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Global Climate Change DigestArchives of the
Global Climate Change Digest

A Guide to Information on Greenhouse Gases and Ozone Depletion
Published July 1988 through June 1999

FROM VOLUME 9, NUMBER 4, APRIL 1996

PROFESSIONAL PUBLICATIONS...
ENERGY POLICY & ECONOMICS


Item #d96apr5

Three articles from Energy Policy, 24(3), Mar. 1996:

"Energy Conservation in the Russian Manufacturing Industry—Potentials and Obstacles," J.W. Fromme (DIC Deutche Industrie Consult GmbH, Parsevalstr. 9b, 40468 Düsseldorf, Ger.), 245-252. Detailed analysis of a recently privatized plant in the Urals shows that substantial energy conservation could be achieved by local means at little or no cost. A general lack of awareness stemming from traditional thinking and structures, compounded by a lack of financing, constitutes some of the most important obstacles for energy conservation in Russia.

"The Lifetime Pollution Implications of Various Types of Electricity Generation. An Input-Output Analysis," J.L.R. Proops (Environ. Policy Unit., Keele Univ., Staffordshire ST5 5BG, UK), P.W. Gay et al., 229-237. Examines the relative impacts of eight forms of electricity generation on the emissions of three air pollutants (CO2, SO2 and NOx) throughout the UK economy, through the entire generating station lifetime (construction, operation and decommissioning). Each form of generation shows substantial lifecycle emission reductions for all pollutants compared with "old coal" technology, mostly in the operating phase.

"The Sixteenth World Energy Congress of the World Energy Council, . .Tokyo, Japan, 8-13 October 1995," H. Khatib (Amman, Jordan) 275-277. A conference report by the World Energy Council's Honorary Vice Chairman. Major recommendations are to phase out all energy subsidies, and to shift attention to long-term global energy needs.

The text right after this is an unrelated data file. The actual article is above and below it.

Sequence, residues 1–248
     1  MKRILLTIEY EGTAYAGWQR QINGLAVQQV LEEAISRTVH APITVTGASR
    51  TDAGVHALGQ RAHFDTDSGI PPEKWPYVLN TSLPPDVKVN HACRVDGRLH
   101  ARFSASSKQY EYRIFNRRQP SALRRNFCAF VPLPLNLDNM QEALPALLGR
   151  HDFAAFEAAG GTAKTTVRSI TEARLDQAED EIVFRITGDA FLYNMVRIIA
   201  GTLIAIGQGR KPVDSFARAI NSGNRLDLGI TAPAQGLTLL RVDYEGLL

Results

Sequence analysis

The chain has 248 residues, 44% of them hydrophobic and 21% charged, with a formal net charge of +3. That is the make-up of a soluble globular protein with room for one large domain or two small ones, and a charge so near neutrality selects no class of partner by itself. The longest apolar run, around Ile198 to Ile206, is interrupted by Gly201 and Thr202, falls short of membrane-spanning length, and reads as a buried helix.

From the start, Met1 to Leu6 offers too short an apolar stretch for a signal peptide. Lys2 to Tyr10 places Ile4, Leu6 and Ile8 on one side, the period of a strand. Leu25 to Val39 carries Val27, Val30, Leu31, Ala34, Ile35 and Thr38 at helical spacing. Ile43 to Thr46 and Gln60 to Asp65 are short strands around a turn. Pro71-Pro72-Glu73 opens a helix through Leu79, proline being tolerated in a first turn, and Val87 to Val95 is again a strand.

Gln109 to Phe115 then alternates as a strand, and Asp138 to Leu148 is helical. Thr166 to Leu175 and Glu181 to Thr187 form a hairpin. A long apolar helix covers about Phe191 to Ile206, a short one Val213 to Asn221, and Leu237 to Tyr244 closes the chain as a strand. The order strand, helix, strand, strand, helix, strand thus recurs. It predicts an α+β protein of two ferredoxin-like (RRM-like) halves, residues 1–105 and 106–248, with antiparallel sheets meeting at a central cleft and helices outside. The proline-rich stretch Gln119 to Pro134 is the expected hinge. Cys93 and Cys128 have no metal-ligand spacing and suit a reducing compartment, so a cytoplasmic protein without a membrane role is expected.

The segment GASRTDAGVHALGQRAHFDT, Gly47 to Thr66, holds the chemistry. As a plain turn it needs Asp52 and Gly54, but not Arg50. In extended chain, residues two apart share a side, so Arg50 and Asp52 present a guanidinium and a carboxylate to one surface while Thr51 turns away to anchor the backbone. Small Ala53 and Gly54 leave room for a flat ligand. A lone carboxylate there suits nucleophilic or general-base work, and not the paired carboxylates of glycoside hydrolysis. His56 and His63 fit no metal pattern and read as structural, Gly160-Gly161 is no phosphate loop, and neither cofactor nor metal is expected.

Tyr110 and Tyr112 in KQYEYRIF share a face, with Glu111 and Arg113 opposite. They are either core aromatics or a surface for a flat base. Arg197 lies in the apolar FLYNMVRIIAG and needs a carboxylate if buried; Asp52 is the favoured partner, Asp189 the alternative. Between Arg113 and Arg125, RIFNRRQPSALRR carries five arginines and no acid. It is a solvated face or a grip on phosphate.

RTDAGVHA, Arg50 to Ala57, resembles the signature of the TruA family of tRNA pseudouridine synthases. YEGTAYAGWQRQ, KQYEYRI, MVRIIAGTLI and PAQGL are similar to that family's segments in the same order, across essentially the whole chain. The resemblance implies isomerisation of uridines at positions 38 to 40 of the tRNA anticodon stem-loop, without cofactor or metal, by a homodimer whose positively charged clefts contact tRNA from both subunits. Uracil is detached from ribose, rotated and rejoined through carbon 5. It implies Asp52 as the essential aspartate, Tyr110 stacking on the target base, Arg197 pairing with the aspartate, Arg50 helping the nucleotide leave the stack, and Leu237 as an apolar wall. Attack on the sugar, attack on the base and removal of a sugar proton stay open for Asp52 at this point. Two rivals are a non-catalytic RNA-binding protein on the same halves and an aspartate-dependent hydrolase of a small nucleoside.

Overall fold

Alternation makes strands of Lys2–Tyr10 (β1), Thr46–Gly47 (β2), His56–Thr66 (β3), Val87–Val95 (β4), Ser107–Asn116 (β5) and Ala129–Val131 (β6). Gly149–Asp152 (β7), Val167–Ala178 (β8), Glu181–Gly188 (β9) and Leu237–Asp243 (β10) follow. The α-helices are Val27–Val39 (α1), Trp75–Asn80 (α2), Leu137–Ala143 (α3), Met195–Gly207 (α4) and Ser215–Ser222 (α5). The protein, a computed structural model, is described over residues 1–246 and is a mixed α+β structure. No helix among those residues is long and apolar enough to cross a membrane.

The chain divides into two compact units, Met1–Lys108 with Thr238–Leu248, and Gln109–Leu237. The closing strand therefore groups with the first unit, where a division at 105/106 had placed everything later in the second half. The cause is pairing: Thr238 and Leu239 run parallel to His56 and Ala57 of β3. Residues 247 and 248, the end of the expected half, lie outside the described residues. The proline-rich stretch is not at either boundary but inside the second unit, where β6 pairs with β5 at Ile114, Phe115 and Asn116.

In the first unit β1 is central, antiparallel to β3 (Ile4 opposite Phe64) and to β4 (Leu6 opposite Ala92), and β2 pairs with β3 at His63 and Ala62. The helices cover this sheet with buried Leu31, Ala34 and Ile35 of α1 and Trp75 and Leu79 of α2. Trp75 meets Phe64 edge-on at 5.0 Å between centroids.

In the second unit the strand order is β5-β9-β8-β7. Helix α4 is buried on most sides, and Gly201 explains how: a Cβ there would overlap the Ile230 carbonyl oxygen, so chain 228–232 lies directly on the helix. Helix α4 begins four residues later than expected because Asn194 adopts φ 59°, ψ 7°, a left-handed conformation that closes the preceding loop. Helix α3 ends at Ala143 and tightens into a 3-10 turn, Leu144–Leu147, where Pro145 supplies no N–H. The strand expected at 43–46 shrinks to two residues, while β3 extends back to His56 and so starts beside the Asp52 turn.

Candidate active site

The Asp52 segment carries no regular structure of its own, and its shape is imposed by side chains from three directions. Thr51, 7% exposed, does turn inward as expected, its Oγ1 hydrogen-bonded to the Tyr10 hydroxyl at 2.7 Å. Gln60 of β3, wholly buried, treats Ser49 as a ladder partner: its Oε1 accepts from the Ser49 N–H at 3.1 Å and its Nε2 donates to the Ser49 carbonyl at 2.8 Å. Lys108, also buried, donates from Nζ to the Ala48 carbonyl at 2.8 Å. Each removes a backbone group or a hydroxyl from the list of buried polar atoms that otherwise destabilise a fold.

Item #d96apr6

Special Issue. "Valuing the Benefits of Renewables," S. Awerbuch (50 Shelley Dr., Nashua NH 03062), Guest Editor, Energy Policy, 24(2), Feb. 1996. Contains the following titles:

"Editor's Introduction. The Problem of Valuing New Energy Technologies"

"Valuing the Flexibility of Alternative Sources of Power Generation"

"Distributed Generation. An Alternative to Electric Utility Investments in System Capacity"

"Integrating Financial Theory and Methods in Electricity Resource Planning"

"Monte Carlo Simulation Techniques and Electric Utility Resource Decisions"

"Informing Decision Makers and Identifying Niche Opportunities for Windpower. . ."

"Evaluating the Economics of Photovoltaics in a Demand-Side Management Role"

"A Marketing Orientation is the Key to a Sustainable Energy Future"

"Capital Budgeting, Technological Innovation and the Emerging Competitive Environment of the Electric Power Industry"


Item #d96apr7

"Solar Power and Climate Change Policy in Developing Countries," T.E. Drennen (Prog. on Ethics & Public Life, Cornell Univ., Ithaca NY 14853), J.D. Erickson, D. Chapman, ibid., 24(1), 9-16, Jan. 1996.